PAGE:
Many Ghanaians, like many Africans, made decent living in Gadhafi-ruled Libya, and they sent money to relations at home; today, many Ghanaian families scramble to get money to send to relations stranded in Libya.

African culture enjoins us not to rejoice at other people’s calamity, but it galls greatly that Libyans refused to be guided by the lessons of history. They allowed duplicitous Westerners to lure them into destroying their own country. They believed war-mongering, blood-thirsty people like Senator McCain who foolishly led them into perdition.

Today, they gnash teeth while the wily Westerners are fleeing from the chaos, sorry, democracy, they have helped to impose.

I have no access to the huge resources available to the BBC, but I more or less predicted the mayhem that will follow the NATO invasion of the country.

I was thoroughly peeved by the NATO invasion that I fired letters to some leaders in the West.

For example, I sent a letter with a list of questions to the Dutch Ministry of Foreign Affairs in The Hague, to ask why a racist country like the Netherlands, deemed it necessary to go and join a war to promote Human Rights in Libya.


The reply, pure asinine, reveals the depth of contempt to which the Dutch truly hold us as Africans.

The spokesman at the Ministry, Mr. Aad Meijer, even found it useful to deign to teach me some rules of basic journalism.

I simply cannot imagine a European journalist receiving the same mindless answers to his inquiries.

This is the exchange:

Dear Mr. Akomolafe,

See below for our answers to your questions. Please be so kind to quote them as ‘says a spokesman of the Ministry of Foreign Affairs.

Kind regards,

Aad Meijer

Press Information

1. What is the official Dutch government position on the situation in Libya?

Ans: The Dutch government is very concerned about the situation in Libya. It condemns the use of force by Qaddafi against peaceful demonstrators, his own people. In doing so it considers Qaddafi to have lost his legitimacy. Qaddafi should step down and give space to a negotiated inclusive political solution by all of the Libyan people with respect for human rights, minorities and the rule of law.

2. One of the prerogatives of states is that they hold a monopoly on the instruments of violence within their territory. No country will permit an armed-uprising; is a new precedent not being set by the Western Powers in supporting an armed group in Libya? Why is the Dutch government supporting armed rebellion in other countries?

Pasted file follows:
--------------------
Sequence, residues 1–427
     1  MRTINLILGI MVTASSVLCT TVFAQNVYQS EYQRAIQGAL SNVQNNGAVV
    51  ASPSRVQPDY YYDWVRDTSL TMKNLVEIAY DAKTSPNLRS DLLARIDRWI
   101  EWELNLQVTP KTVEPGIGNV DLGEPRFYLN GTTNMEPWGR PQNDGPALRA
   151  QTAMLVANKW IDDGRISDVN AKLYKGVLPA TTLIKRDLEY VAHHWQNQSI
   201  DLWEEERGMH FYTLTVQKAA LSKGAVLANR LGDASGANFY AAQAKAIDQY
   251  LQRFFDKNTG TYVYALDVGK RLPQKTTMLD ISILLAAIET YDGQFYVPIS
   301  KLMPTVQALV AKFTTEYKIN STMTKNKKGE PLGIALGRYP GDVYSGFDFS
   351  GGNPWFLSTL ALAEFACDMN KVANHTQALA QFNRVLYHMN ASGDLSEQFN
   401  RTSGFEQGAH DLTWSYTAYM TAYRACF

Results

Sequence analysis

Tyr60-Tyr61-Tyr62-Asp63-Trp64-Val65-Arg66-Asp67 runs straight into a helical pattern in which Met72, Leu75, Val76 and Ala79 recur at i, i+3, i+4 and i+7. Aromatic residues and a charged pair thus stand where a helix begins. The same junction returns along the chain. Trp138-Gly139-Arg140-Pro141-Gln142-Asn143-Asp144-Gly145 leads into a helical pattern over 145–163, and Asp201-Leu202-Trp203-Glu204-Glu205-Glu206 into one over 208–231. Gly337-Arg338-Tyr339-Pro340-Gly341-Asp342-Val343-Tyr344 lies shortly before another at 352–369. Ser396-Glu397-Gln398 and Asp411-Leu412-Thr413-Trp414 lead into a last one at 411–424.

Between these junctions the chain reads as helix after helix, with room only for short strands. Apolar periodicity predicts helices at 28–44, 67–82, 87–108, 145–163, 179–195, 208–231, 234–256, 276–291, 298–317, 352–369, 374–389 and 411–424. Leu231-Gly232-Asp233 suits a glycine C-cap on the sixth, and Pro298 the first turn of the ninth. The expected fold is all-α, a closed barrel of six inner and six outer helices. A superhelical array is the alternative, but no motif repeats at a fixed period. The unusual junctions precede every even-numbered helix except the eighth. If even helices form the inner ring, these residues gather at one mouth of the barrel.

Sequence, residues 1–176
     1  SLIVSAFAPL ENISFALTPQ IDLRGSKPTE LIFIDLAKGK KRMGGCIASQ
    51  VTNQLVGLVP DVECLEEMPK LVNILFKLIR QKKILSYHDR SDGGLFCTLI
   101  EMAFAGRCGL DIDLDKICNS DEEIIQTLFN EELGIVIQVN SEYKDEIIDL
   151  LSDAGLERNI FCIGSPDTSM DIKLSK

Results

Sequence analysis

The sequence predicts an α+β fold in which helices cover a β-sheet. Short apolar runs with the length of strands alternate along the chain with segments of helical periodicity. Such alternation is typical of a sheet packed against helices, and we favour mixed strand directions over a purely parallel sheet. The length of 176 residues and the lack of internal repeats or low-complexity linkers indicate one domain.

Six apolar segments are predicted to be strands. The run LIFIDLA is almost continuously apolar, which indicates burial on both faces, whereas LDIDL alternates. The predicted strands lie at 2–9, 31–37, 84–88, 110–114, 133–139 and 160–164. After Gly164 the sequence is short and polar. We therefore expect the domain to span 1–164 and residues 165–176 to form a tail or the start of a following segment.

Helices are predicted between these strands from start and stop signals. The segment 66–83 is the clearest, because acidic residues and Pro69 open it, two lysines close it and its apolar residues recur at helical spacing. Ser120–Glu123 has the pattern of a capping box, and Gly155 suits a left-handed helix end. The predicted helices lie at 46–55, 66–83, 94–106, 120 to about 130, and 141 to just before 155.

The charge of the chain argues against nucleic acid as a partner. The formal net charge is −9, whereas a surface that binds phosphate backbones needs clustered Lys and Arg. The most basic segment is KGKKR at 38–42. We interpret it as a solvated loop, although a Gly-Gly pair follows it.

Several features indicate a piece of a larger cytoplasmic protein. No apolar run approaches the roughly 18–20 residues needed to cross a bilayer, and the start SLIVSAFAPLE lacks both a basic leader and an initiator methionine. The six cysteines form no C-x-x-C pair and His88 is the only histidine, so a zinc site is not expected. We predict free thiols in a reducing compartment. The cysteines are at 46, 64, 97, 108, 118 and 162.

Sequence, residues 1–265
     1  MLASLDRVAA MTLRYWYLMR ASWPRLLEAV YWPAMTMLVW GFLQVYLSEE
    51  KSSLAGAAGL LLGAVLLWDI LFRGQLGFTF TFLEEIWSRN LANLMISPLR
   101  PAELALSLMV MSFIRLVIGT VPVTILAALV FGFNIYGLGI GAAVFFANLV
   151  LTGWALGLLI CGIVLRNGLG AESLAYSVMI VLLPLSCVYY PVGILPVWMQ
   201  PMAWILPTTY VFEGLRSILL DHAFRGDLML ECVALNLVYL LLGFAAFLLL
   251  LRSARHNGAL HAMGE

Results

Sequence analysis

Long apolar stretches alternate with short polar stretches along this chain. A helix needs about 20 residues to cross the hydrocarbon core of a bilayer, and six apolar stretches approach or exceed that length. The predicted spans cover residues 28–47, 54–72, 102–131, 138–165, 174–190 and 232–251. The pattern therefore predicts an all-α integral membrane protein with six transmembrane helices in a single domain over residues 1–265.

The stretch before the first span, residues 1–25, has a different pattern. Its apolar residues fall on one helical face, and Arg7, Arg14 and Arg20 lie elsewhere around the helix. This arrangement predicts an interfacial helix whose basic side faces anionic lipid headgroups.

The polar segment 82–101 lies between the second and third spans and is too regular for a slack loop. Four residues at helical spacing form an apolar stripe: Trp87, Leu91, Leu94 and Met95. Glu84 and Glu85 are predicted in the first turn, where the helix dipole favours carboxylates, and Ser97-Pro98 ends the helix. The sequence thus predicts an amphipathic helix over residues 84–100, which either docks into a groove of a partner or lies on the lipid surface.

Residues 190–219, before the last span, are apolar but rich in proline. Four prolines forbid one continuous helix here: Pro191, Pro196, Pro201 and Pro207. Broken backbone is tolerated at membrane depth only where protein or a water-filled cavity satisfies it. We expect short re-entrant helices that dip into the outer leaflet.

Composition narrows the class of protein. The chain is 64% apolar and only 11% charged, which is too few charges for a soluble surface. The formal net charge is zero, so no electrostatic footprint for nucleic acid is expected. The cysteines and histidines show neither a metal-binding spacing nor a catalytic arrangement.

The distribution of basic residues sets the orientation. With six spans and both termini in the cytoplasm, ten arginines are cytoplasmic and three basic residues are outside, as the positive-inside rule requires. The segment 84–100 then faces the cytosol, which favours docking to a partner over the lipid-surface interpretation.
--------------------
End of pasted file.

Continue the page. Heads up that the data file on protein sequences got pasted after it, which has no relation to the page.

Ans: The NATO mission Unified Protector is mandated by UN resolution 1973 to protect the Libyan population from attacks by the Libyan authorities. The Netherlands supports this goal and contributes to the protection of the Libyan population.

3. Although UNSC Resolution 1973, specifically, did not authorised action to violate the sovereignty of Libya in the name of human rights, nor action in support of the anti-government rebels nor “regime-change” in Libya, today some Western governments (UK, France and the USA) openly called for “regime change,” and have announced plans to send ‘military advisors’ to aid the Libyan “pro-democracy forces.” What is the position of the Dutch government on regime change in Libya?

Ans: I refer to our answer under 1.

4. There appears to be a stalemate in Libya, what exactly is the outcome envisioned by the Dutch government in Libya?

Ans: I refer to our answer under 1.

5. How feasible is the desire of the West to impose democracy and Human Rights by military violence and where should we draw the line?

Ans: The military actions undertaken by NATO and several countries in the region as mandated by the United Nations seek to uphold Security Council resolution 1973. As such the military actions should be limited to protecting the civilian population of Libya against the use of force by the Libyan authorities.

6. What is the response of the Dutch government to the charges by some African commentators that the attacked smacked of double-standards – given the fact that numerous resolutions of the United Nations remain unenforced by the Western Powers? You can see a long list here:


Ans: The implementation of Security Council resolutions is an obligation of all members of the United Nations. The Netherlands believes that first and foremost countries in the region share a responsibility to implement these decisions. Where possible the Netherlands seeks to support such efforts either bilaterally or through the European Union.

7. Given the fact that Libya is, at least, geographically in Africa, why did the Western powers decided to ignore the publicly-stated position of the African Union (AU) condemning any military solution to the crises in Libya?

Ans: The Netherlands believes that the crisis in Libya will not be solved through military means alone and calls for a political process. It welcomes all diplomatic efforts, including those of the African Union to broker a political solution and underlines the importance of international coordination of initiatives. In order for a political process to come to fruition, the Netherlands believes that a real cessation of hostilities and pull back from beleaguered cities is required.